Tuesday, July 12, 2005

Apples to Oranges

Igglephan, a commenter over at the always interesting libertarian legal blog, The Volokh Conspiracy, reacts to the following joke posted by Todd Zywicki:

While we all sit waiting for an eventual nominee, I thought I would fill the
time with a joke making the rounds in some conservative legal circles:
Q: Do you know the translation for "Gonzales"?
A: It's Spanish for "Souter."
(Insert rimshot).

Igglephan comments:
That joke is pretty old, but it raises some interesting points. When someone unearths evidence that, as Attorney General of New Hampshire, Justice Souter authorized the indefinite detention of speeders or authored memos as poor as Gonzales' death penalty memos (see the Atlantic story on this), we can talk. Even in his abortion decision, Gonzales let out enough dicta and subtext to suggest how he'd rule on Roe, i.e. his views "as a parent." (Totally in contrast to the idea that abortion is grounded in personal liberty, the very idea that the parent -- or any other person or entity -- could possibly be relevant to the process.) Gonzales should not be on the Court not because he might use his powers of legal reasoning on his own -- the right's apparent objection to Souter, and it's revealatory that the objections are only to the political consequences of his opinions (or dissents!)and never to the quality of his legal reasoning -- but because Gonzales' entire career has revealed a willingness not to concern himself with the Rule of Law, especially the importance of procedural safeguards.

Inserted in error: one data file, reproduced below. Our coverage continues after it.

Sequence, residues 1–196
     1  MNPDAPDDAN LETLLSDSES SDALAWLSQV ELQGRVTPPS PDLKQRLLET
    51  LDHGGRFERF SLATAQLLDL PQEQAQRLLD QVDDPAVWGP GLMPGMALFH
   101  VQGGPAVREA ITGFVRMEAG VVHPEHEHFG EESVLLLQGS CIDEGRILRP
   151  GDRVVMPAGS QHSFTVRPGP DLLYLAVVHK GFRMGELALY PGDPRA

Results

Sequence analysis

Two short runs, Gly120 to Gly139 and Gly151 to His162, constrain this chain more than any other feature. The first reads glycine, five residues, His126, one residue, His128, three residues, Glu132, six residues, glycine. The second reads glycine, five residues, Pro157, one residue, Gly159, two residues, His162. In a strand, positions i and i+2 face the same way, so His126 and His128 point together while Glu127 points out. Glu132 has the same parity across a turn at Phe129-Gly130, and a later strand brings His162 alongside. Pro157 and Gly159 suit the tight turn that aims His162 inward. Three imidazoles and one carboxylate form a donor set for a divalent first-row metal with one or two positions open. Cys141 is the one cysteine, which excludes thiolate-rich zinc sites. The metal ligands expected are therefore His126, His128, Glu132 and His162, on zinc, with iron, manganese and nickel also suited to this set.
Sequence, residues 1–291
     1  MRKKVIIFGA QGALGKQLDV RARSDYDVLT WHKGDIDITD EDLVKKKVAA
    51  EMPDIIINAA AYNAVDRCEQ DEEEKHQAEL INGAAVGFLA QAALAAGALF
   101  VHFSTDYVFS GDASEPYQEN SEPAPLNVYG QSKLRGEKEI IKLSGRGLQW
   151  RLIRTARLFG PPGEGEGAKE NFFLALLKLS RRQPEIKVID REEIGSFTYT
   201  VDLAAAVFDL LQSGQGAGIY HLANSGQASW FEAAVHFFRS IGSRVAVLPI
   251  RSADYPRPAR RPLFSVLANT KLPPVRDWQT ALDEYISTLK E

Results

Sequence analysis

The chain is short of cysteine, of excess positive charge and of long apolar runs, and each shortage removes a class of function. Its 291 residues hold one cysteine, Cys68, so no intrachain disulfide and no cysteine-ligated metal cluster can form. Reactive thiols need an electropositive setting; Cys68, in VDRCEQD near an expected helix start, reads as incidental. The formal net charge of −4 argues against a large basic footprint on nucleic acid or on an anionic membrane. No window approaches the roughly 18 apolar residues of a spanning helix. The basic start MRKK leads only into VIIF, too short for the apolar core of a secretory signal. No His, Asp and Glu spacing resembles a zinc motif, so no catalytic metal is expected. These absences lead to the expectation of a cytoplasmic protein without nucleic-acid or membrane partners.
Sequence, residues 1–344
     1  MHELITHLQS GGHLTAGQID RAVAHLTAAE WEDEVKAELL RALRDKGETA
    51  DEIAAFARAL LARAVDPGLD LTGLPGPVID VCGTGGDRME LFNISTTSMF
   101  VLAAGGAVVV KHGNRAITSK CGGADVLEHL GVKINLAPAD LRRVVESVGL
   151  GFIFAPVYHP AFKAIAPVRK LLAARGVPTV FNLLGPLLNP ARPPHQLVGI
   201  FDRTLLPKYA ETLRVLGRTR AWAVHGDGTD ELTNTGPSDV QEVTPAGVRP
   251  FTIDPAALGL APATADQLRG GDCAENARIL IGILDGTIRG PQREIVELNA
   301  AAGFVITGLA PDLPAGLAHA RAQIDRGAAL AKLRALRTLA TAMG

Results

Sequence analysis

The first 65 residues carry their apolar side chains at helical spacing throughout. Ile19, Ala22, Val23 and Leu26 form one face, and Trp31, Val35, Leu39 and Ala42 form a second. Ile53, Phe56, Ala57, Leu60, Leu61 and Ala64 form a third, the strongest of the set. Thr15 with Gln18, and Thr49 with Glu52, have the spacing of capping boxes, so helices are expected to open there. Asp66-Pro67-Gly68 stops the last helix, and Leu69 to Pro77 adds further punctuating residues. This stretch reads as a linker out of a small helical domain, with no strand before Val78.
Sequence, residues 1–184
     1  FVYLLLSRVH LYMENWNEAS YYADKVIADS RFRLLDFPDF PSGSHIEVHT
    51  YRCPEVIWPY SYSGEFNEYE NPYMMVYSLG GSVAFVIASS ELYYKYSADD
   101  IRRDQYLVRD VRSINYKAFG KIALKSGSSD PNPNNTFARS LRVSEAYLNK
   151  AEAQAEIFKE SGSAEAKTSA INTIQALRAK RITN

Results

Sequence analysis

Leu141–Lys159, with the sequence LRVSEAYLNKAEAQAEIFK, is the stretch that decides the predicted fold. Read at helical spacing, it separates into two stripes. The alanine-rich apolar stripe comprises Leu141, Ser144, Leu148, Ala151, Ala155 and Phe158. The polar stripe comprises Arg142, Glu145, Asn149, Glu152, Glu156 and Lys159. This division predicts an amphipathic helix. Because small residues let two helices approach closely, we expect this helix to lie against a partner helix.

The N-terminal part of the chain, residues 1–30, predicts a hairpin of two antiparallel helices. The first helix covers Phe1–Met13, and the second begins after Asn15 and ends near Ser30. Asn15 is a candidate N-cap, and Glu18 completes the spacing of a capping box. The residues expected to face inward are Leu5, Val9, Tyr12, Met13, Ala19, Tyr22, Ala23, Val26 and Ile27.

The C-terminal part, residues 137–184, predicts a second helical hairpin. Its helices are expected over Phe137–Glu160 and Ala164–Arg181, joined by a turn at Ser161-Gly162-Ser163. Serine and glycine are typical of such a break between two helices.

Calling him a "closet moderate" is probably false, just from the record we have, but the specific comparison to Justice Souter, really insults both Souter's independence, legal skill, and professional dedication to the rule of law
Igglephan makes a good point about comparing the two men, though I might go farther and say that Gonzales really seems to have no difficulty in justifying telling the President exactly what he wanted to hear concerning the use of torture and detention, and that should concern anyone, left or right. As Igglephan says, he is less about the rule of law and more about the exercise of authority. That is not something we need in a Supreme Court justice when it comes to personal liberties.
(Crossposted at FloridaBlues)
< Blogarama